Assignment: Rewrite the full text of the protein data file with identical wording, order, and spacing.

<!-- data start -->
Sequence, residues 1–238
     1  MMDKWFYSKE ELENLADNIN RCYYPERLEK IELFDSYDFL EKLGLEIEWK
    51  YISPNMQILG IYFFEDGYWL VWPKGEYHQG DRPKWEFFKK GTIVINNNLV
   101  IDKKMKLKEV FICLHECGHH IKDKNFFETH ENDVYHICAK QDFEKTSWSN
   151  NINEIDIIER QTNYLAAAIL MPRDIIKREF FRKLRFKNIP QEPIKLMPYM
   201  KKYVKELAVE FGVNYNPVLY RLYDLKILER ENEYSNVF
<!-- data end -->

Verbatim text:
Sequence, residues 1–238
     1  MMDKWFYSKE ELENLADNIN RCYYPERLEK IELFDSYDFL EKLGLEIEWK
    51  YISPNMQILG IYFFEDGYWL VWPKGEYHQG DRPKWEFFKK GTIVINNNLV
   101  IDKKMKLKEV FICLHECGHH IKDKNFFETH ENDVYHICAK QDFEKTSWSN
   151  NINEIDIIER QTNYLAAAIL MPRDIIKREF FRKLRFKNIP QEPIKLMPYM
   201  KKYVKELAVE FGVNYNPVLY RLYDLKILER ENEYSNVF